Codename: Panzers – Phase One
|Publisher:||CDV Software Entertainment|
|Genres:||Strategy / Real-Time Tactics|
|Release Date:||June 16, 2004|
|Game Modes:||Singleplayer / Multiplayer|
Take traditional real-time strategy combat, graft onto it the small unit tactics of the old Close Combat games, add a campaign system not unlike that of Panzer General, and you have a good idea what to expect from Codename Panzers Phase Ones. Like many great games that take the best of what came before to create something new, it combines familiar elements with strong presentation and some truly great visuals to become a role model for World War 2 action strategy gaming.
Panzers takes place all across a superbly rendered European countryside. Urban settings are just as impressive, with almost every building both accessible to your troops and able to be destroyed by heavy guns. This provides a lot of cool gameplay, where submachine gun teams go toe-to-toe in an occupied villa while artillery tries to knock the building down around their heads. When stuff blows up, it blows up real good too. Tanks send bits of metal flying in all directions. Men are sent reeling by explosions and buildings crash down in a cloud of dust.
The excellent presentation supports the gameplay. In the German campaign, winding your way through the main character’s diary of the war. The game does a great job of following history here while it maintains the real-time tactical gameplay. Anti-tank guns are dangerous to just about any tank but squads of machine gunners backed up by medics are a lethal counter to those stationary targets.
Panzers’ missions emphasize information gathering. Proper use of the Recon planes at your disposal that can give you a major leg up on what to expect. The missions are linear, and while you may not know necessarily what will come next (there are hidden objectives you can also uncover), you can usually predict the path you need to take across the map. That gripe carries over to the AI, which in most missions basically waits for you to arrive. The only other negative is a tendency for traffic jams with too many units moving together.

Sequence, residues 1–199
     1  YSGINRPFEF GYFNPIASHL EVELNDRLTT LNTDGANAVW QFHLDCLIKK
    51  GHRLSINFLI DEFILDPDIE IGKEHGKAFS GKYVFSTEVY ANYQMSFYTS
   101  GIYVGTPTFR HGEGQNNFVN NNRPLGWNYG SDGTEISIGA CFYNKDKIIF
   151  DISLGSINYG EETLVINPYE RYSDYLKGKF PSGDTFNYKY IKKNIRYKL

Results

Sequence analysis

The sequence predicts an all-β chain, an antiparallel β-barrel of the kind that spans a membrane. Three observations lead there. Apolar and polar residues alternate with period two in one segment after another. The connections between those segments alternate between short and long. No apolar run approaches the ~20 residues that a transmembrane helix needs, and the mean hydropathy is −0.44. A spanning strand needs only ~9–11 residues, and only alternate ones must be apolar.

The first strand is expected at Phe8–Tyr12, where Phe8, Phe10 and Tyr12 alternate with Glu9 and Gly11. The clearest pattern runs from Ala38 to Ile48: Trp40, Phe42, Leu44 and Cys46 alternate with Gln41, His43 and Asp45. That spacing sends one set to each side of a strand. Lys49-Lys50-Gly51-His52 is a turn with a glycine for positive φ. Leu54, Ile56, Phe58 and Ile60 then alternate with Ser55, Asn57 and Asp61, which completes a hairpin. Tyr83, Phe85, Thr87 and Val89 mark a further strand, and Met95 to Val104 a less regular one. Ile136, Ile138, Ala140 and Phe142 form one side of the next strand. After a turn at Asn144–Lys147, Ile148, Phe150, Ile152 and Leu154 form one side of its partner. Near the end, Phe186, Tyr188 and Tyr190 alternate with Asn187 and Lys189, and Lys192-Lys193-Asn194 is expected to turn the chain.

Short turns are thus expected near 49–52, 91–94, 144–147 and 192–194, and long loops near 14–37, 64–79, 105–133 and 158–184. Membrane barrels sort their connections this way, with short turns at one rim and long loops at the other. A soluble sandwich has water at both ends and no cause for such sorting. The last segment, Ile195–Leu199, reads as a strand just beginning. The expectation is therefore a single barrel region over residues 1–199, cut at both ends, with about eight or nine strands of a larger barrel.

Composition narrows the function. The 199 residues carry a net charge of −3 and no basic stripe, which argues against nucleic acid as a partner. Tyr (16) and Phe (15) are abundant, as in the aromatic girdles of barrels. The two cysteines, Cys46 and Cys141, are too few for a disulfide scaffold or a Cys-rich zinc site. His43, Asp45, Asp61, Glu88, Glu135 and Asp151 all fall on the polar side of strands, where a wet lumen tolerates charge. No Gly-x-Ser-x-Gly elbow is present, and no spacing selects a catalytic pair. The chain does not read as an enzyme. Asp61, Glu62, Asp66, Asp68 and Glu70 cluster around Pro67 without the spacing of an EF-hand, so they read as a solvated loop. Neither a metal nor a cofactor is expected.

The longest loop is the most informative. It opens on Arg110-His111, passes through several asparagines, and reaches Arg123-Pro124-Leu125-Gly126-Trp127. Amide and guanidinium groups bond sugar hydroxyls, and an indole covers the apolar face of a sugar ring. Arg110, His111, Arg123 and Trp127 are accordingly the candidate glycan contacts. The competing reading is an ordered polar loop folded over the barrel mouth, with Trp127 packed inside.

Amazingly, the AI’s generic play doesn’t affect enjoyment much at all. The real-world balance of weaponry and careful tactics make the missions fun. Depending on the difficulty level, you receive replacements for lost units before a new mission, and there’s a setting where you only get those replacements through earning prestige. A dead unit is gone for good on Hard. On the Normal setting, you still feel the hurt because lost units lose the experience and bonuses they earned during each mission but at least you can throw some more rookies on the front line. Conservation is always key.
There’s no one feature of Codename: Panzers that sets it apart from all the real-time strategy games before it. But the game contains all the right things that came before mixed in a World War II setting to create a game that sits among the best in its genre. With no resource management other than the need to win with as little loss of man and machine as possible, this game has great focus.
System Requirements: Pentium III 1 GHz, 512 MB RAM, 3 GB HDD, WinXP
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